The common phrase “Red sun at morning” is a line from an ancient rhyme often repeated by mariners:
- Red sun at night, sailors’ delight.
- Red sun at morning, sailors take warning;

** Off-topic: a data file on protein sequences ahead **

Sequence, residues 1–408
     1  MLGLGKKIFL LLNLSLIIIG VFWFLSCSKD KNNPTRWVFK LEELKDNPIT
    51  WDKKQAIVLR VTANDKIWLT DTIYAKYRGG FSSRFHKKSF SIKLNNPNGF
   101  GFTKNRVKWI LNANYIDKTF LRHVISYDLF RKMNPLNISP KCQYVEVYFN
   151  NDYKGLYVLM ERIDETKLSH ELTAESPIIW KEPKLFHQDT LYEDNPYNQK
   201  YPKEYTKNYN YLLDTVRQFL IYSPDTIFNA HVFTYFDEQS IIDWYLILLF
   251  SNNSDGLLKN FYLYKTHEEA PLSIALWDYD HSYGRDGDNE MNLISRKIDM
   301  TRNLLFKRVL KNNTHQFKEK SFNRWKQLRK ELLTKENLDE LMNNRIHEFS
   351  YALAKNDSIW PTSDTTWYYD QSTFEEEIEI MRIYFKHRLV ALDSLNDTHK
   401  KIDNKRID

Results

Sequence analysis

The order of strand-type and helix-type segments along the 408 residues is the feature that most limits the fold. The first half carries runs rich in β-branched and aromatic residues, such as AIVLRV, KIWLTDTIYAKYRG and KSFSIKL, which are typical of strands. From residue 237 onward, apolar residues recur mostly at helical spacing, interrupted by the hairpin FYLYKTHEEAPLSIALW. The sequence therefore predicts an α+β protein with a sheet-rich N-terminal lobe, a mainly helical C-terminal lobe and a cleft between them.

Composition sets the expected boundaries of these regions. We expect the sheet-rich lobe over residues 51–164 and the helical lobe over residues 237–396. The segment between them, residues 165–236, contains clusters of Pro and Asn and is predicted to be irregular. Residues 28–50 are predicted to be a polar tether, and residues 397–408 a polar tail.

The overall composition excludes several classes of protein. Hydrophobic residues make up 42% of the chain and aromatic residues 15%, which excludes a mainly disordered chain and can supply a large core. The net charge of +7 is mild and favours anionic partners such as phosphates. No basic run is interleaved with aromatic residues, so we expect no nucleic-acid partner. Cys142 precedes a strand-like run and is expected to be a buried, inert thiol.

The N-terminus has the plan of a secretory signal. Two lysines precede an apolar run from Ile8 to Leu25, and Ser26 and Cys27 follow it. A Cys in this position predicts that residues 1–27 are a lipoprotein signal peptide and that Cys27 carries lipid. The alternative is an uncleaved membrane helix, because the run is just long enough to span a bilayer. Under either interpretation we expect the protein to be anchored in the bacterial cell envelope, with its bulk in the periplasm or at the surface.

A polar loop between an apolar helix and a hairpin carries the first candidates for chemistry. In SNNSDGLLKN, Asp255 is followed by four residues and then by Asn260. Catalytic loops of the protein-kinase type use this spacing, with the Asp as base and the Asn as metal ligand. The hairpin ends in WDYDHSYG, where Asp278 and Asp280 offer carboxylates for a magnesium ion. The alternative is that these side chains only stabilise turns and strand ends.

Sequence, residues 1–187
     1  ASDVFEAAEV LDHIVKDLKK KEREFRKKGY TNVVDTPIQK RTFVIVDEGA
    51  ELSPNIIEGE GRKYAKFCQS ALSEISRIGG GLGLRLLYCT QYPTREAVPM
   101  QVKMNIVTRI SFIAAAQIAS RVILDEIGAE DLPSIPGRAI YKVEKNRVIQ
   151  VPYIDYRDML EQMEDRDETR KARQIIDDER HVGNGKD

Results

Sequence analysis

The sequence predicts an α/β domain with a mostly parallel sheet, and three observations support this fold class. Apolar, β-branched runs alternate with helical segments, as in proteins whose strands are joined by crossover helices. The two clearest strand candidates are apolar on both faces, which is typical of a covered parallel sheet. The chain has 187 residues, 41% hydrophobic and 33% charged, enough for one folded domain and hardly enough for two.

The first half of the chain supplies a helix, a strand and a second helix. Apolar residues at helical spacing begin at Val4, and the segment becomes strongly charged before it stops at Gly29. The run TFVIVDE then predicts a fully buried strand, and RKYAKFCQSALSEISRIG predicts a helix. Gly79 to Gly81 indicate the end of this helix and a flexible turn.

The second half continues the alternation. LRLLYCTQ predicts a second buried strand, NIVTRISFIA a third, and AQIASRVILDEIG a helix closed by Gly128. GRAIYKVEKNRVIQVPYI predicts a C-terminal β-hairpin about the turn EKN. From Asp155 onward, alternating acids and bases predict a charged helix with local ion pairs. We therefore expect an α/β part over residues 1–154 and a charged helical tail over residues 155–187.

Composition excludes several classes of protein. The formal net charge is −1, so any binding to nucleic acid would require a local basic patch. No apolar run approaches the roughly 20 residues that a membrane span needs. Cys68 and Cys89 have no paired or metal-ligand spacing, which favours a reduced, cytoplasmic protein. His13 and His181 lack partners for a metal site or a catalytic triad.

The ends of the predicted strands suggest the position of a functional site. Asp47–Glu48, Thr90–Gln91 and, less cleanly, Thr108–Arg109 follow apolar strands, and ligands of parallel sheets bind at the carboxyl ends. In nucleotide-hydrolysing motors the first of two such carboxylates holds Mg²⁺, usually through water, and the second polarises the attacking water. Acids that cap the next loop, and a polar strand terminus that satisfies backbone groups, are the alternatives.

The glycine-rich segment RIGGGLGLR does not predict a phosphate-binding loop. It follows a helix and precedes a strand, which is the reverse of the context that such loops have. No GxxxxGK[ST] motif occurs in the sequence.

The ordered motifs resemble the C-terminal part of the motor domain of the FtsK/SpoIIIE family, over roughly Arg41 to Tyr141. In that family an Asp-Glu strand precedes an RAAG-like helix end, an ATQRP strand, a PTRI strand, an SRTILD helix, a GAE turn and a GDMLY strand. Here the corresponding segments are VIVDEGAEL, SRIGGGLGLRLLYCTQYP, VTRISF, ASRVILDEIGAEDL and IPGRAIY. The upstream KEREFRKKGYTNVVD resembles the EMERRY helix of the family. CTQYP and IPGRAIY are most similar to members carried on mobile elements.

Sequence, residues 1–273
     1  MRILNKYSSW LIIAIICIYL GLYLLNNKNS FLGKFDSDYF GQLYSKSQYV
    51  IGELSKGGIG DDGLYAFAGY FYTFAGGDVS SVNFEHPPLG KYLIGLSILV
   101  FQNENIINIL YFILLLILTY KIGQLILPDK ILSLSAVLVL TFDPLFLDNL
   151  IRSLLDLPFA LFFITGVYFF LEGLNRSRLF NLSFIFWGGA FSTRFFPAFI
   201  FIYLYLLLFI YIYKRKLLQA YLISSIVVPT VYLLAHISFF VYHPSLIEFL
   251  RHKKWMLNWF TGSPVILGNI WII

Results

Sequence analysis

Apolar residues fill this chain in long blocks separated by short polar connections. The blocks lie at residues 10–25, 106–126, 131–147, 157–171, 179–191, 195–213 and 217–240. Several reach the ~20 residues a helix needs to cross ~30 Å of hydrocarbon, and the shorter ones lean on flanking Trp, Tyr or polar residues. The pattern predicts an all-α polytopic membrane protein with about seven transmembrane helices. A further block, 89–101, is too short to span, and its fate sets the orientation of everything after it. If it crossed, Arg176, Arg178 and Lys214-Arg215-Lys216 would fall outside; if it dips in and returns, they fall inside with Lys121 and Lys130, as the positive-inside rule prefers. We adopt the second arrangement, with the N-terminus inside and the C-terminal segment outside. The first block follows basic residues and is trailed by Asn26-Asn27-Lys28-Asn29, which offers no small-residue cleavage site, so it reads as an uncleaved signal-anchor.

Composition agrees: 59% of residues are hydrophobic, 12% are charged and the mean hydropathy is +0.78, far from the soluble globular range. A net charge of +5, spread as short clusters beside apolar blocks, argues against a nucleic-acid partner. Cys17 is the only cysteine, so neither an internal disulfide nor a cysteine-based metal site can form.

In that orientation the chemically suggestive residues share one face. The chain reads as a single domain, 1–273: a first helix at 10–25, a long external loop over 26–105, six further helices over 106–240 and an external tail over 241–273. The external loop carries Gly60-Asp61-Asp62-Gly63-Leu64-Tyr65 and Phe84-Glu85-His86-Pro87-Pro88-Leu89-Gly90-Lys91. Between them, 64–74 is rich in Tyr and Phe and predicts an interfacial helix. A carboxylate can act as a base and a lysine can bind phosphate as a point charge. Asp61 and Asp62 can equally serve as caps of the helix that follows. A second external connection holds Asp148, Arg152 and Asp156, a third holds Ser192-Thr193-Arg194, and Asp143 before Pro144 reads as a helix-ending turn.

The rhyme is a rule of thumb used for weather forecasting during the past two millennia. It is based on the reddish glow of the morning or evening sun, caused by haze or clouds related to storms in the region. If the morning sun is red, it is because clear skies over the horizon to the east permit the sun to light the undersides of moisture-bearing clouds. The saying assumes that more such clouds are coming in from the west. Conversely, in order to see red clouds in the evening, sunlight must have a clear path from the west, so therefore the prevailing westerly wind must be bringing clear skies.